Coronavirus

Coronavirus: 10 Small Business Planning Tips

Use these strategies to help minimize virus-related disruptions at your workplace.

Malcolm Hong Mar 13, 2020

According to a report in SmallBizTrends, 27% of businesses expect the coronavirus to have a moderate to high impact on their revenue and 52% are preparing for an economic slowdown.

Lisa Atkinson, Western Idaho Market Manager of the Zions Bank Business Payments and Technology department, offers tips for small businesses to help minimize virus-related disruptions: 

Coronavirus small business planning tip #1: Use online tools for your business continuity planning.

If widespread disruption stops you from making physical trips to your financial institution, it’s important to have treasury systems that will allow you to operate your business, such as making deposits and payments remotely. Zions Bank offers tools to collect payments  and make payments.

Coronavirus small business planning tip #2: Make plans to pay your employees no matter where they are.

Mail delays may occur during an emergency, causing issues for employees waiting for paychecks to arrive. Instead of paper checks, employers can work with their bank to set up electronic methods for paying employees, such as direct deposit. Zions Bank offers employee management options including online payroll services

Coronavirus small business planning tip #3: Conduct a financial audit of your existing treasury systems.

Because the need to manage and disburse payments never ends, it’s important to have a system with minimal to no downtime. Auditing your system may reveal weaknesses that should be addressed before a crisis.

Coronavirus small business planning tip #4: Use technology to prepare your business for online fraudsters capitalizing on coronavirus fears.

Cybersecurity firm Proofpoint reported that mentions of the coronavirus in malicious emails has jumped in recent weeks. An automated system can help identify fraudulent and unauthorized payments before they are approved.

Coronavirus small business planning tip #5: Keep mobile access in mind when creating your treasury management continuity plan.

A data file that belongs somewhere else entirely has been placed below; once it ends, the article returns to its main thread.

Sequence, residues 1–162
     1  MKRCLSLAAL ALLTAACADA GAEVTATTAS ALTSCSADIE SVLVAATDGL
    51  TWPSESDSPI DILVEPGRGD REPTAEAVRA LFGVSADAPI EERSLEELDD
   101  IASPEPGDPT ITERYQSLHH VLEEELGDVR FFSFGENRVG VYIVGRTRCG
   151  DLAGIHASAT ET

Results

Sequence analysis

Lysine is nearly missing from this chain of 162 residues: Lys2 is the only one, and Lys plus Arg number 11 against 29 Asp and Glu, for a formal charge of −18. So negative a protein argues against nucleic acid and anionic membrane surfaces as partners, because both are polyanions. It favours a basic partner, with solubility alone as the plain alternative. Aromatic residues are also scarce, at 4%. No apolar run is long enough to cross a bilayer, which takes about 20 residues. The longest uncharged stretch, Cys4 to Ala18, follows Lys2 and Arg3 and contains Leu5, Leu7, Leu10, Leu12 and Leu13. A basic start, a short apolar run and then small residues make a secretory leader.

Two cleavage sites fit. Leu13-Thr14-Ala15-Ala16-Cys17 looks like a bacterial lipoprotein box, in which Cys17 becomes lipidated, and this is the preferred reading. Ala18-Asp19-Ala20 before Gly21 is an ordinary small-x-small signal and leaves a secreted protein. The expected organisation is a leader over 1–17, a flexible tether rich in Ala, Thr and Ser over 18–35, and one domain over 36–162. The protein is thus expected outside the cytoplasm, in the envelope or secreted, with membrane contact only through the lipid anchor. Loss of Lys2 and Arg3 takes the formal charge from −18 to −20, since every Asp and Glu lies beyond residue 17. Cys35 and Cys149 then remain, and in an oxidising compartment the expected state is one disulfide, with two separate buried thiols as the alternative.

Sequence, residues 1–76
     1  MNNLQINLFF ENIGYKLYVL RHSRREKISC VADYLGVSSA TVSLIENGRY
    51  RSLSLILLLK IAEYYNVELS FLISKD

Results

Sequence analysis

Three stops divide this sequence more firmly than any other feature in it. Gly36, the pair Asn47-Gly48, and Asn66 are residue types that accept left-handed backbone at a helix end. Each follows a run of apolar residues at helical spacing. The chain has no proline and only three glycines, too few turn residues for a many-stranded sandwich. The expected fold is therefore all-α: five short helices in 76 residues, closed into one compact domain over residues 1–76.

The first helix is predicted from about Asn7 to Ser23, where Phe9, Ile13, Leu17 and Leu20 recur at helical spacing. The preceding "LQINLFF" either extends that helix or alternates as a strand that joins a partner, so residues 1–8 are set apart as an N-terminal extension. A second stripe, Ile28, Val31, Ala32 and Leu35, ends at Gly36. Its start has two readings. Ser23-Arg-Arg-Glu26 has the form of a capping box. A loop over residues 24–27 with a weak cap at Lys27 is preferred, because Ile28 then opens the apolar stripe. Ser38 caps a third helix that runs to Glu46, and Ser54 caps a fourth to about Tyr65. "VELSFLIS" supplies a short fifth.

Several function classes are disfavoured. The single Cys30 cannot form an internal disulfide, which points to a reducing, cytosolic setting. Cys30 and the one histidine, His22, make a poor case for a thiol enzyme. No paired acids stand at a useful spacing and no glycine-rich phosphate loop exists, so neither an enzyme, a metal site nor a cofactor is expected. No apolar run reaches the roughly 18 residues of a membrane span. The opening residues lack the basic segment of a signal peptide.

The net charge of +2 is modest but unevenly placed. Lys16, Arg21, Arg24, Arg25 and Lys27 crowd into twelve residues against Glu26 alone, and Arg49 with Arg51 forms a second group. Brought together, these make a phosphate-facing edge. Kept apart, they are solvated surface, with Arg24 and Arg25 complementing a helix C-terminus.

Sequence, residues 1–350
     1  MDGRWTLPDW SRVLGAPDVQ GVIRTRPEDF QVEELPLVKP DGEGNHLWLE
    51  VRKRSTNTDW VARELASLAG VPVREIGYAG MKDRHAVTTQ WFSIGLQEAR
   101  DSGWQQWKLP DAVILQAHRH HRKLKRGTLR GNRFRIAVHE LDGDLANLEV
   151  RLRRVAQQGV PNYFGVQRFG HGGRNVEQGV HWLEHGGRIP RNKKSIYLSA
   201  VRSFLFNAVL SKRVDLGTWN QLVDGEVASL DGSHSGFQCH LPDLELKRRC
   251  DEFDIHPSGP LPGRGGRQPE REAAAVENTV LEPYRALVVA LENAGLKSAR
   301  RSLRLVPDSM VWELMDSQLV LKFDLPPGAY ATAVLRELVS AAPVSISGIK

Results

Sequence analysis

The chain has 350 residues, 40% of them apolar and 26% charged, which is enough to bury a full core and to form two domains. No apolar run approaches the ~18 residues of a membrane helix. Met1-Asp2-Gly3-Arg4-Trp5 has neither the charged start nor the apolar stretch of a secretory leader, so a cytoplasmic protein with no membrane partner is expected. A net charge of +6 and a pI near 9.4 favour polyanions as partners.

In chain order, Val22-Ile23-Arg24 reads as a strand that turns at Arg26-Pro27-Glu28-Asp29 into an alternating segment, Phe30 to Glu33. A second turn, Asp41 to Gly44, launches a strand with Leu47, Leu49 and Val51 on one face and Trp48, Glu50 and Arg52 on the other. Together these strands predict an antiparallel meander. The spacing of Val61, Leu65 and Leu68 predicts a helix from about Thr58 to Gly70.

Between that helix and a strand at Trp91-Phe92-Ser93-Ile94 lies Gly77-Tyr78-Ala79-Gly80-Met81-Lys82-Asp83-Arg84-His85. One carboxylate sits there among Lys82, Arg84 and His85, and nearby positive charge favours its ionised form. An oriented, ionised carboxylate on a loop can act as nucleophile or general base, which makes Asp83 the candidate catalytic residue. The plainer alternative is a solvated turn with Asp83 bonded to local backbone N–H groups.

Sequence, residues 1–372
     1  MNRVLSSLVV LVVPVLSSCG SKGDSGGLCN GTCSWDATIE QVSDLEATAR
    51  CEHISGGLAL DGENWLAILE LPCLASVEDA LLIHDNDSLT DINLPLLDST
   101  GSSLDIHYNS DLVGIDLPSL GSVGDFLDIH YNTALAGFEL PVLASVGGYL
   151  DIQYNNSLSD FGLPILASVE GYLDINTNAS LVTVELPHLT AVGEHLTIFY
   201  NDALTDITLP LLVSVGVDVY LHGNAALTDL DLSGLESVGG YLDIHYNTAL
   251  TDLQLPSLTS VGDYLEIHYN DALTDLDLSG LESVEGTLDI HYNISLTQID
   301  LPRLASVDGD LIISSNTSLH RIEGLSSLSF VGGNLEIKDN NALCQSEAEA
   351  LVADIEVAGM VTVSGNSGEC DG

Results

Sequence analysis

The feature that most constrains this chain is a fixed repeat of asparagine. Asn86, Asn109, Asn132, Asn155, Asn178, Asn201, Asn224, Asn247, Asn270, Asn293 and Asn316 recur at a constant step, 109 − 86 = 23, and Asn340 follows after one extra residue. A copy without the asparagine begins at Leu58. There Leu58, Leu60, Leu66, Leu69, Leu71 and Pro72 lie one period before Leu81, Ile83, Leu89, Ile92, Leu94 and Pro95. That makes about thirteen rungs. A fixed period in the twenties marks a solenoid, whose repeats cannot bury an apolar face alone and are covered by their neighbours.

During a crisis, your employees and CFO may not be able to operate in their primary environment. Your system needs to reliably function with different devices and with web connections of varied speeds.

Coronavirus small business planning tip #6: Pay attention to payables and receivables.

Step up your Accounts Receivable collections now to get payments before your customers are impacted negatively. Reach out to your Accounts Payable vendors and negotiate terms and payment methods, if possible.

Coronavirus small business planning tip #7: Practice good workplace hygiene.

Review your employee handbook now and re-visit or re-communicate sick policies, travel policies, and remote work policies. Encourage employees to work from home, if possible, and to stay home if they are sick. Review and make necessary adjustments to the cleaning process at your company to keep germs at bay.

Coronavirus small business planning tip #8:

Talk to your banker about a line of credit before you need it. If you do have difficulty meeting your obligations, notify your creditors immediately before you miss a payment or are late on the payment.

Coronavirus small business planning tip #9: Create a financial forecast.

Ascertain potential impact on your business from the virus as well as any impact of a possible recession that could follow a virus outbreak in your area.

Coronavirus small business planning tip #10: Leverage technology.

Consider how you can use technology now to keep in front of prospects, clients and employees, such as Zoom, Skype, Go to Meeting or Livestream.

The Zions Bank Business Payments and Technology team can help your business plan for coronavirus-related disruptions through a suite of tools to optimize cash flow, streamline disbursements and manage risk. Fill out the form on our website to connect with a treasury management professional today.

Malcolm Hong is Public Relations Officer for Zions Bank in Idaho.

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